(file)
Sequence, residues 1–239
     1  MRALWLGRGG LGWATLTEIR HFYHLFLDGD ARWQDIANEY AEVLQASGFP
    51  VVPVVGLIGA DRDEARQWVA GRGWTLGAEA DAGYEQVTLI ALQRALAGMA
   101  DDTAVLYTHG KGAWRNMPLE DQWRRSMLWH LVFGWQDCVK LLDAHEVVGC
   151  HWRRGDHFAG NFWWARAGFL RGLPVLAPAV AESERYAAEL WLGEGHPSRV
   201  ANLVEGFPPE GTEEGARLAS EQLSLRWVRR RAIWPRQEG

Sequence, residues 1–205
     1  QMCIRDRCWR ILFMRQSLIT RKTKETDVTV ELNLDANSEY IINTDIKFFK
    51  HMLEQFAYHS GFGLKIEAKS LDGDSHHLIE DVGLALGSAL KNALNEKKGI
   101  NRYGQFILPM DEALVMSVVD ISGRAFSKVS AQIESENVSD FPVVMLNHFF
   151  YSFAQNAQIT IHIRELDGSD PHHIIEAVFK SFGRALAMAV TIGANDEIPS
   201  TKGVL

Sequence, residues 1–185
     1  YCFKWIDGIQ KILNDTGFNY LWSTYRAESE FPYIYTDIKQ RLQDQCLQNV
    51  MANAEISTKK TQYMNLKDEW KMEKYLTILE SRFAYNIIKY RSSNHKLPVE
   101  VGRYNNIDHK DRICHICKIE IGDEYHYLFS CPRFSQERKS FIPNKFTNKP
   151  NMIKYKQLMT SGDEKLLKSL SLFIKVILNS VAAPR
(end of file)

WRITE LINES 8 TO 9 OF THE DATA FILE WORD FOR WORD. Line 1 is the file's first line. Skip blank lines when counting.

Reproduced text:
     1  QMCIRDRCWR ILFMRQSLIT RKTKETDVTV ELNLDANSEY IINTDIKFFK
    51  HMLEQFAYHS GFGLKIEAKS LDGDSHHLIE DVGLALGSAL KNALNEKKGI